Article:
Morgan Stanley says restructuring will not be required for capital relief

The US bank said that it understood that the recommendation would be made, but that “details are few.” Restructuring's inclusion as a credit event in default swap contract language is a highly contentious issue.

Some protection sellers, for example, claim that the Chinese walls between a bank’s trading and lending businesses aren’t necessarily airtight. They claim that debt capital markets desks may be inclined to make certain client business decisions - such as forcing a restructuring - on the basis that trading desk colleagues’ would then be able to realise in-the-money positions as default swaps are triggered.

Currently, banks typically defend themselves against such accusations by claiming that they only include restructuring as a credit event because of regulatory capital considerations. “If this change goes through, [protection] sellers will become more vocal about getting restructuring dropped completely,” said a New York-based credit derivatives structurer who spoke with RiskNews on condition of anonymity. “But the fact remains that many banks want it included for economic, rather than regulatory capital reasons,” he added.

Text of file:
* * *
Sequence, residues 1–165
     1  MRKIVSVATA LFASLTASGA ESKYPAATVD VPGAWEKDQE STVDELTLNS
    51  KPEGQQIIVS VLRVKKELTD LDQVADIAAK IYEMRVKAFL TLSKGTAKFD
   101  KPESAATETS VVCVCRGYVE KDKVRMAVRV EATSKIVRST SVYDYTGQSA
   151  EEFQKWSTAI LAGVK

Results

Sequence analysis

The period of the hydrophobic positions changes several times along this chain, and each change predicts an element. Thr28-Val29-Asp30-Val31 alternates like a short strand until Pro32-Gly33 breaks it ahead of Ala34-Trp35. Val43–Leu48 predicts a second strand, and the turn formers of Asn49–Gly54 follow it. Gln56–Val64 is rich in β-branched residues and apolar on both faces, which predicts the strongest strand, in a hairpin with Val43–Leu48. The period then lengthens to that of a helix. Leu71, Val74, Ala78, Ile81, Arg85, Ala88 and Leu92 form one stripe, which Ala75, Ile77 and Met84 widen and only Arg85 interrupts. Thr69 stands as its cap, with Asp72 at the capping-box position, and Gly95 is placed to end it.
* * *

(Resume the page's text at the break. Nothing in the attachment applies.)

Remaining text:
A member of the credit derivatives research group at a US bank said that he would be “surprised” if Morgan Stanley’s claim about the Basel subcommittee’s recommendation was accurate. “In general, Basel doesn’t move this quickly. In the US, it’s not even clear if the Fed and the OCC would be on board with this change. It’s unlikely that Basel would want to be out of step with Washington,” he said.

Morgan Stanley’s North American credit research group made its claim regarding restructuring in a special report, published yesterday. The group declined to comment further.

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